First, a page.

Ask a knowledgeable fan or NHRA
participant when and where the AutoZone Winternationals was first
contested and the answer you'd likely receive would be: "Pomona,
California, Los Angeles County Fairgrounds, 1961".
Good guess, but wrong! The second
largest, second-oldest major event of NHRA's now 24-race schedule,
the Winternationals, actually took place on the opposite coast,
near Daytona Beach, Florida, in 1960! Even more surprising, the
first "Winter Nationals", as it was spelled in those
days, was a cooperative venture between Wally Parks' NHRA and
Bill France's NASCAR!
This inaugural Winternationals
was held on seven nights, February 7-13, 1960, at the Flagler-Bunnell
Airport, a few miles north of Daytona Beach, just minutes from
the new Daytona International Speedway. The seven-night schedule
paralleled racing at the new oval track and also addressed a
problem facing the entire Speedweek schedule.
Like NHRA itself, this first
"Winter Nationals" grew out of the need to eliminate
dangerous, illegal street racing. During previous Speedweek races,
after-hours street racing on the old beach course and on city
streets quickly earned an unsavory reputation with police, civic
officials and citizens. Wild, often drunken young people were
creating a potentially lethal situation, jeopardizing the fledgling
Daytona 500 and the new speedway itself! It became apparent that
more than increased law enforcement was needed. Sanctioned, insured
and supervised drag racing was the answer, and both NHRA and
NASCAR considered developing an alternative.
Sanctioned drag racing events
were hardly a novelty. In fact, drag racing had made substantial
progress in Florida. This was due largely to the efforts of a
Miami-based organization patterned after the Southern California
Timing Association. The Miami group even called itself the "South
Florida Timing Association", or "SFTA".
In California, organized drag
racing grew from the efforts of Wally Parks, founder of the National
Hot Rod Association. In Florida, Wally's alter ego was a young
man named George E. Schorb, "Ernie", as racers knew
him. Wally and Ernie thought very much alike, enough so that
Wally was quick to enlist Ernie's assistance in organizing and
sanctioning, under the NHRA banner, racers and tracks in early
From the beginning, NHRA and
later SFTA was based on the concept that sanctioned, organized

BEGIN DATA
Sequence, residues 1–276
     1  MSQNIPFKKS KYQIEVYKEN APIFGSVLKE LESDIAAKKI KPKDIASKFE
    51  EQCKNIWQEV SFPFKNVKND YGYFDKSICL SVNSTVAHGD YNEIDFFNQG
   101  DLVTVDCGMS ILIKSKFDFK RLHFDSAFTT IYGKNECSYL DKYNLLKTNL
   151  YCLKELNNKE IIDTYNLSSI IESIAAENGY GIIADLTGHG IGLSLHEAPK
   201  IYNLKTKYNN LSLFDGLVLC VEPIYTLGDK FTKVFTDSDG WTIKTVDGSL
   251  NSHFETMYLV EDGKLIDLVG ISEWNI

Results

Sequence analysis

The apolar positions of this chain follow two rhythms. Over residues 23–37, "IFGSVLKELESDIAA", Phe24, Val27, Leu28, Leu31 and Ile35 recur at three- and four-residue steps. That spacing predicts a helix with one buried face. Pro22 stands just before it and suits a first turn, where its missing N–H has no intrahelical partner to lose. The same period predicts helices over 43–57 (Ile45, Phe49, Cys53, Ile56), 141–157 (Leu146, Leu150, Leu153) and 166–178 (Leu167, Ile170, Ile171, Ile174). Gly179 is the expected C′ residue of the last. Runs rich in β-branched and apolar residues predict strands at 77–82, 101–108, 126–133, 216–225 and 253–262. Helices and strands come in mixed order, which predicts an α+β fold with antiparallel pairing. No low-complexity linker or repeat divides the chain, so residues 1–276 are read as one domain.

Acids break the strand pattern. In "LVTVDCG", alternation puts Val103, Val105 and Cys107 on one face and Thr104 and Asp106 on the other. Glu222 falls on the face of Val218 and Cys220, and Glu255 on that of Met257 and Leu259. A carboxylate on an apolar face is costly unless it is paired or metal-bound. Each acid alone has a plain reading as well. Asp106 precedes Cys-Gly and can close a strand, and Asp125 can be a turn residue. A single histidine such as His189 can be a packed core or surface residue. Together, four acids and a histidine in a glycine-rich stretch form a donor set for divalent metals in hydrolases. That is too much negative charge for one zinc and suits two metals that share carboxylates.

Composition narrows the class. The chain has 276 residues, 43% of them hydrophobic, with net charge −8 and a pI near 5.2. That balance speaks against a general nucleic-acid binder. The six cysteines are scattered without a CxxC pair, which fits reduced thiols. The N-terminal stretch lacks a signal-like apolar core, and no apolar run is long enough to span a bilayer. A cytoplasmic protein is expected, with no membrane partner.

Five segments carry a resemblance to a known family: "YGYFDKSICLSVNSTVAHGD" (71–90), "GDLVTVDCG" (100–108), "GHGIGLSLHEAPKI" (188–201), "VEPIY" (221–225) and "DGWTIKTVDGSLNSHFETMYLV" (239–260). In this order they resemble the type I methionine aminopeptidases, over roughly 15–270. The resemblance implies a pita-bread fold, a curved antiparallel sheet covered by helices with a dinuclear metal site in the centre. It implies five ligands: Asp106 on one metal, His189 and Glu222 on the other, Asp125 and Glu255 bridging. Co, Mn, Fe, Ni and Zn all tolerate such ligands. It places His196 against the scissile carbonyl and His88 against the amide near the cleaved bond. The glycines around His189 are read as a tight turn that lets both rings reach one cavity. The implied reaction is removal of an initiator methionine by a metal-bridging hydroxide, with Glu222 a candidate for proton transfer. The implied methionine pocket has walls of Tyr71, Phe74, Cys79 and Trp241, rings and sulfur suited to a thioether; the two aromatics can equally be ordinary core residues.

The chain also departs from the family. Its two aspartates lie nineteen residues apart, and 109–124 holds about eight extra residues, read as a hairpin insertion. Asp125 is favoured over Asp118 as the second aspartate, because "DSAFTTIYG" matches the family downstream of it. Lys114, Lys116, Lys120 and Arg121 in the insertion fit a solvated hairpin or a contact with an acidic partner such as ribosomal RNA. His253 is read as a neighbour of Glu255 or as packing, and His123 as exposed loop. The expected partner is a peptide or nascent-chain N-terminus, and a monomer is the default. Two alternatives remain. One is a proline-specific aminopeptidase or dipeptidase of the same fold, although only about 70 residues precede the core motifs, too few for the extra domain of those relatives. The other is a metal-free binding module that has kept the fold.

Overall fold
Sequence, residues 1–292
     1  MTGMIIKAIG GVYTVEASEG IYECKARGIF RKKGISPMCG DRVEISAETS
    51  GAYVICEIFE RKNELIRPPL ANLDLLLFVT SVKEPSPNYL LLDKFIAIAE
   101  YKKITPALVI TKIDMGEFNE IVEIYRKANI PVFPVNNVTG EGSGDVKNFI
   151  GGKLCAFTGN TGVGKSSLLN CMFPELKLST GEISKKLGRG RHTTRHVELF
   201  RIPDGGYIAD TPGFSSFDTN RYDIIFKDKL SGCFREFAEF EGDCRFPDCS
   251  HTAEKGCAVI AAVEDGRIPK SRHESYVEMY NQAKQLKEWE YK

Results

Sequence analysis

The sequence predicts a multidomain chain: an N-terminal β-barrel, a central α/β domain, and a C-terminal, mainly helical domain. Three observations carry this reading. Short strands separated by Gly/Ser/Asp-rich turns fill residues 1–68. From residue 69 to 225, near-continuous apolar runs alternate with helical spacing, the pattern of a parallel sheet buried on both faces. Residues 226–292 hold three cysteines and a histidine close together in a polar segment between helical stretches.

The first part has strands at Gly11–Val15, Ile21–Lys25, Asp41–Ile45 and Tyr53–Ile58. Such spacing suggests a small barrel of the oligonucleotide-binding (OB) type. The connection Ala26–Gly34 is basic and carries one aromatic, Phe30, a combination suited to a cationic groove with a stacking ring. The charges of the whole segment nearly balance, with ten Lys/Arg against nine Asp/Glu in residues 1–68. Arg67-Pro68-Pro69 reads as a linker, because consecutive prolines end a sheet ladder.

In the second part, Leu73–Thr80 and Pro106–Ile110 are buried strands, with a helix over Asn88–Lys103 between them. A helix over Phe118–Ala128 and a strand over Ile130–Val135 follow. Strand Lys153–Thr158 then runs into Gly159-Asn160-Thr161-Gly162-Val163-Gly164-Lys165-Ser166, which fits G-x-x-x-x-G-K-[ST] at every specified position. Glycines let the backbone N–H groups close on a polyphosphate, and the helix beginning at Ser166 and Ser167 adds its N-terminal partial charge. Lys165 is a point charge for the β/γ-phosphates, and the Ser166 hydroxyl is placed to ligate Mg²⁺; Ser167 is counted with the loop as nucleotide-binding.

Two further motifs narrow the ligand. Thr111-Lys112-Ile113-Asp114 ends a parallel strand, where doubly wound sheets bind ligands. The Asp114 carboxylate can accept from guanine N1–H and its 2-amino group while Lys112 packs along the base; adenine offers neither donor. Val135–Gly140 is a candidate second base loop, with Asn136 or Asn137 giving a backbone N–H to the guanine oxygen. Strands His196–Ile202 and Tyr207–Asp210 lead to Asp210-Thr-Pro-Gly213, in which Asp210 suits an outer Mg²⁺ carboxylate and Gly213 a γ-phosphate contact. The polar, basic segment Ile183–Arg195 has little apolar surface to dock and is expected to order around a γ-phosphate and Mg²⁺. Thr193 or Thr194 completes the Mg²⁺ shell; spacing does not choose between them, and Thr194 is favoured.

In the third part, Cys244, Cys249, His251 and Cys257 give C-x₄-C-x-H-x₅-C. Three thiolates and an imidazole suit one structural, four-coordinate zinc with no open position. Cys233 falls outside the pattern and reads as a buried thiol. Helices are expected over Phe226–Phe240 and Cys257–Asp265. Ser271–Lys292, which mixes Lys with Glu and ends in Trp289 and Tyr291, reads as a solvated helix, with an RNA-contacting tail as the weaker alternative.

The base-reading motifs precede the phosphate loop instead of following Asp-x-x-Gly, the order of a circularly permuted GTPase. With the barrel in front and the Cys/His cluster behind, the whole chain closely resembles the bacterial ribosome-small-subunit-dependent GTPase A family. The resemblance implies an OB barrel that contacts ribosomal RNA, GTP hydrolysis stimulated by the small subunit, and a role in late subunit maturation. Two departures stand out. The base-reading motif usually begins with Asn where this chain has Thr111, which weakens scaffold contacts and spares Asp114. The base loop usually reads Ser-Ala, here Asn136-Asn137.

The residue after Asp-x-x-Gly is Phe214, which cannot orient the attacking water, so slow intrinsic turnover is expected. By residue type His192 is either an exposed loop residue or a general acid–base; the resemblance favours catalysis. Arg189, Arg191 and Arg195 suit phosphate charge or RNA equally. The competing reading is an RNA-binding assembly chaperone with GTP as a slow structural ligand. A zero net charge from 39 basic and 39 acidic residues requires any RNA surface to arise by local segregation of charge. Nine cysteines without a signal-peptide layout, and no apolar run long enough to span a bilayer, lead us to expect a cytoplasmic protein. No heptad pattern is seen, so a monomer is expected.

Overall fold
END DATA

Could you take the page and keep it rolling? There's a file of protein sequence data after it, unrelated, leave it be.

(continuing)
drag racing, was a viable means of eliminating dangerous street
racing as well as highly entertaining for both spectators as
well as participants. Long before the term "motorsports"
was coined, NHRA drag racing offered a means for measuring vehicle
acceleration in a safe manner. What was needed was the use of
this exciting new form of racing to tame the street racers plaguing
Speedweek in Daytona.
Ernie Schorb began his involvement
with drag racing in 1949. Like many others, his first car was
a fenderless '34 Ford hot rod, built as a street. It soon became
apparent to Schorb that street racing was a poor choice. Like
many, Ernie was attracted to local Miami car clubs, finding others
with a similar passion for engines, autos and competition. In
1951 he joined the Ramblers Road Club, of Miami, one of the founding
clubs of the SFTA. Schorb sold his '34 Ford and bought a new
'51 Studebaker, intending to race, but he soon found greater
enjoyment in organizing, administrating and promoting racing.
His personality and ambition quickly placed him in contact with
local political, military and police officials eager to rid their
streets of illegal "stop light drags".
One of those, a local businessman
and sports car racer, Jack Horsley, owned an independent insurance
agency and other businesses. Horsley introduced Ernie to an influential
group of Miami "movers and shakers". One of those was
the late U.S. Congressman, Dante Fascell, a young Democrat from
the Miami-Dade County congressional district and a rising power
Schorb approached Fascell with
the idea of obtaining the use of then-inactive Homestead Air
Force Base for sanctioned, insured, police supervised drag racing,
and Fascell agreed to help. With facts and figures from a presentation
assembled by hot rod organizer Ernie Schorb and support from
Horsley, Congressman Fascell convinced the Air Force to open
its base to the Ramblers, for weekend drag racing. The racing
had to be insured for liabilities against the USAF, and to achieve
that, in 1952, Ernie sought the guidance and sanction of Wally
Racing at Homestead AFB was short-lived,
however, as the base was soon re-activated. When that happened,
Schorb quickly went into action, securing the permission, support
and participation of the Dade County Road Patrol, now known as
Metro-Dade County Sheriff's Department. The answer came in the
Road Patrol's offer to barricade a seldom-used stretch of public